Fuel prices have skyrocketed across the US, with a gallon of gas reaching past $5.00 in some parts of the country.
The price of petrol has been continually climbing for the past 32 days, causing many Americans to spend as much as 10% of their income on gas.
Experts are puzzled why prices keep ascending, as many drivers tend to shy away from long trips in the winter months due to slick road conditions.
According to AAA’s Daily Fuel Gauge report, the national average for a gallon of regular gas is $3.73, up two cents from yesterday.
A year ago, the median price was $3.56 per gallon.
The escalating cost of fuel comes as many Americans are facing an end to Bush-era tax cuts and are already coping with smaller paychecks and less disposable income.
KTLA reports that regular fuel costs $5.09 a gallon, while premium can run up to an eye-watering $5.39 a gallon.
With most non-hybrid vehicles getting between 20-30 miles per gallon and most drivers averaging 29 miles a day, the price spike is worrisome, especially since fuel prices tend to rise during the spring and summer months.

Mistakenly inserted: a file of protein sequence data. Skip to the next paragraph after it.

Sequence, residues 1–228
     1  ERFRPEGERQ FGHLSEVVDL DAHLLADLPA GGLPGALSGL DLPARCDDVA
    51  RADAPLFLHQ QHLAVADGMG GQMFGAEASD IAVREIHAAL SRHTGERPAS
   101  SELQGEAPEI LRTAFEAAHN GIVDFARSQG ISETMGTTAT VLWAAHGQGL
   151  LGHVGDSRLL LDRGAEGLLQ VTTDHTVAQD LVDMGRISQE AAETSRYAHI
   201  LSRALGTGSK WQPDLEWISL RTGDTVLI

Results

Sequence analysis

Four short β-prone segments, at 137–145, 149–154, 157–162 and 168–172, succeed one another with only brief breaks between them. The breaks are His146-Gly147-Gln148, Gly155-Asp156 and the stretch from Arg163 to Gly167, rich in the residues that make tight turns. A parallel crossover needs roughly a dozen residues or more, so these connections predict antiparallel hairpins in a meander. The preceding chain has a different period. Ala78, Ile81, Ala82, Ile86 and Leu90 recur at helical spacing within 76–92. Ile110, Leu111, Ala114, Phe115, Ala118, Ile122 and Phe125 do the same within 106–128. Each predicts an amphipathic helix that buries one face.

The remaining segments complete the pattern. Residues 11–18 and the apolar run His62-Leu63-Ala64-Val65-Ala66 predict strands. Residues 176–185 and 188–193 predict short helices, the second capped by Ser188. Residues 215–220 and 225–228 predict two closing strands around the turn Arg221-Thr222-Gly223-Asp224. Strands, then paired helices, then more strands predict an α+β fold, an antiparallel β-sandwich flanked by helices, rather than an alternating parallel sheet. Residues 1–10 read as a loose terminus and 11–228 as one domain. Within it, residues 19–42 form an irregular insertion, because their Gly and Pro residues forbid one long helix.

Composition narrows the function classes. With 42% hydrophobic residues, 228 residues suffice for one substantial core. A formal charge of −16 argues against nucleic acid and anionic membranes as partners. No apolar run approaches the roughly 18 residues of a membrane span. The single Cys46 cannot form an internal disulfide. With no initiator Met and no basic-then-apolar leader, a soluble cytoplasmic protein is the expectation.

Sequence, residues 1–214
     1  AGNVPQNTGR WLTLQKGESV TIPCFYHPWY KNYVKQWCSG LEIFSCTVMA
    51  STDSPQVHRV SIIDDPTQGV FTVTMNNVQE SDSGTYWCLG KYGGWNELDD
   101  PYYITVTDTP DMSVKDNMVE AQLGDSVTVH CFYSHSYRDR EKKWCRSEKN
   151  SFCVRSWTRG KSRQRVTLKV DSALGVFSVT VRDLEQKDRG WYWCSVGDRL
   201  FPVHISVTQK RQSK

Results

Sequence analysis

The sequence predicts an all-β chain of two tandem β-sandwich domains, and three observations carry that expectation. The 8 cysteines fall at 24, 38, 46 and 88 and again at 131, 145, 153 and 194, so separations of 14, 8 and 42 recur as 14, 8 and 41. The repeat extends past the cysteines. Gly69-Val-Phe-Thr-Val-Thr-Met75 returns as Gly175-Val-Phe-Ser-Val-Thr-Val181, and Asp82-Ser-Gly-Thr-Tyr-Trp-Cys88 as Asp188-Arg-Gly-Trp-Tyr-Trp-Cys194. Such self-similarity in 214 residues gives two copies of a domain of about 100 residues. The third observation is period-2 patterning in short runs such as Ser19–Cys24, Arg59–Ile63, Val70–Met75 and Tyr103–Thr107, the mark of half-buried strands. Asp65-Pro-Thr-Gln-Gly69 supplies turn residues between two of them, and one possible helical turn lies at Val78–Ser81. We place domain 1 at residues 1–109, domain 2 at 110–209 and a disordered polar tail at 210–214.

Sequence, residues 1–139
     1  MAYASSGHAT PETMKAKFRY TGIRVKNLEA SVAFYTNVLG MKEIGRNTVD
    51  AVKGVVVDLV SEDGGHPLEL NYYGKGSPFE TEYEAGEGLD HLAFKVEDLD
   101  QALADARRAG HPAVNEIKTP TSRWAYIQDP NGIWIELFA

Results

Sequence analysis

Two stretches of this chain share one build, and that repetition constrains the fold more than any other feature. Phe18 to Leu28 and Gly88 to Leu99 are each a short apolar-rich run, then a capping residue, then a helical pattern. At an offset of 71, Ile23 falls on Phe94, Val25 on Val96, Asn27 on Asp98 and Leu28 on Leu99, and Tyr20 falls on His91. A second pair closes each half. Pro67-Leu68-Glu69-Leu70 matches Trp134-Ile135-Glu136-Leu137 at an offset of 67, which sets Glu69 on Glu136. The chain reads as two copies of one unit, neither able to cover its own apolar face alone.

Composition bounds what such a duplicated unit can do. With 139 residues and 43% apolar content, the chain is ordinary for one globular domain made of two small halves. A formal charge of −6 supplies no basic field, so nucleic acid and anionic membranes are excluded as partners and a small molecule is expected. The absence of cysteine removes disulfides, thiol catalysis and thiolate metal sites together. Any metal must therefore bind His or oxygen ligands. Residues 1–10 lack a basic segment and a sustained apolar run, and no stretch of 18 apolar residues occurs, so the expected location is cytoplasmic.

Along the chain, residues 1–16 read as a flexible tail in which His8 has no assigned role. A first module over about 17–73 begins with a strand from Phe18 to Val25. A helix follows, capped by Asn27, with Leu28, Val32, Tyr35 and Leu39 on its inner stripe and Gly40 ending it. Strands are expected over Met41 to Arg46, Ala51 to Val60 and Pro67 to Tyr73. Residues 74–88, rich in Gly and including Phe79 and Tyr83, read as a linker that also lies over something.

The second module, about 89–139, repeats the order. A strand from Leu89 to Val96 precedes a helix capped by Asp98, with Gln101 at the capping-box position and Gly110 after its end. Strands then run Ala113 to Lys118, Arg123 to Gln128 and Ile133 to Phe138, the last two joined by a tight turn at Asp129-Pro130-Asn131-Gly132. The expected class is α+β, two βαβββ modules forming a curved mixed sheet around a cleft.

The cause of the price hikes is complex – CNN Money reports that it is a “confluence of factors, from rising crude oil prices, to production cuts and refinery closings”.
In addition, consumer reports show that the job and housing markets are slowly but surely creeping back to where they were before the recession, meaning the cost of oil has been rising with it.
North Dakotans have paid the most for fuel, based on their income. According to AAA’s Fuel Gauge Report, the average gas price is $3.67 a gallon.
While it’s not the priciest in the nation, it is a whopping 10.3% of their income.
Prices typically rise in March and April, when car owners begin to travel longer distances.